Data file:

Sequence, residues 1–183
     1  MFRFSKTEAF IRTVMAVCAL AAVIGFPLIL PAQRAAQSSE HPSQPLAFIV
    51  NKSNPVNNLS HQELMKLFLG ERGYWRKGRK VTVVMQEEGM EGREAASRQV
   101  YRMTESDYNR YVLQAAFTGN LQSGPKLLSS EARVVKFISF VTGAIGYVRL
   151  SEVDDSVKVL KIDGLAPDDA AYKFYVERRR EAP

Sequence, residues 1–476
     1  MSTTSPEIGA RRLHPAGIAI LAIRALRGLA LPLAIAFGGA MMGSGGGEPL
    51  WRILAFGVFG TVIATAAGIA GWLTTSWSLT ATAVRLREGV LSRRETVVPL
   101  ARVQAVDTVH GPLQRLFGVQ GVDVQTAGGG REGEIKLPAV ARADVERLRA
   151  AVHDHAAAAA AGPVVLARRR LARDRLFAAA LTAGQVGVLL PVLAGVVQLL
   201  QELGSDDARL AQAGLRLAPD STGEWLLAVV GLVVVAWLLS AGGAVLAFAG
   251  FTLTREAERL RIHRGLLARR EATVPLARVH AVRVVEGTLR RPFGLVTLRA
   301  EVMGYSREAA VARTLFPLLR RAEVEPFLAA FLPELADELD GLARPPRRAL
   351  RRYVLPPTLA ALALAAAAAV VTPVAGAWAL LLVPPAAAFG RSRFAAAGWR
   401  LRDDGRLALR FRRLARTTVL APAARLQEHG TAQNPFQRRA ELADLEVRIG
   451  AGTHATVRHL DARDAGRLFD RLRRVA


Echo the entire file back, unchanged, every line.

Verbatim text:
Sequence, residues 1–183
     1  MFRFSKTEAF IRTVMAVCAL AAVIGFPLIL PAQRAAQSSE HPSQPLAFIV
    51  NKSNPVNNLS HQELMKLFLG ERGYWRKGRK VTVVMQEEGM EGREAASRQV
   101  YRMTESDYNR YVLQAAFTGN LQSGPKLLSS EARVVKFISF VTGAIGYVRL
   151  SEVDDSVKVL KIDGLAPDDA AYKFYVERRR EAP

Sequence, residues 1–476
     1  MSTTSPEIGA RRLHPAGIAI LAIRALRGLA LPLAIAFGGA MMGSGGGEPL
    51  WRILAFGVFG TVIATAAGIA GWLTTSWSLT ATAVRLREGV LSRRETVVPL
   101  ARVQAVDTVH GPLQRLFGVQ GVDVQTAGGG REGEIKLPAV ARADVERLRA
   151  AVHDHAAAAA AGPVVLARRR LARDRLFAAA LTAGQVGVLL PVLAGVVQLL
   201  QELGSDDARL AQAGLRLAPD STGEWLLAVV GLVVVAWLLS AGGAVLAFAG
   251  FTLTREAERL RIHRGLLARR EATVPLARVH AVRVVEGTLR RPFGLVTLRA
   301  EVMGYSREAA VARTLFPLLR RAEVEPFLAA FLPELADELD GLARPPRRAL
   351  RRYVLPPTLA ALALAAAAAV VTPVAGAWAL LLVPPAAAFG RSRFAAAGWR
   401  LRDDGRLALR FRRLARTTVL APAARLQEHG TAQNPFQRRA ELADLEVRIG
   451  AGTHATVRHL DARDAGRLFD RLRRVA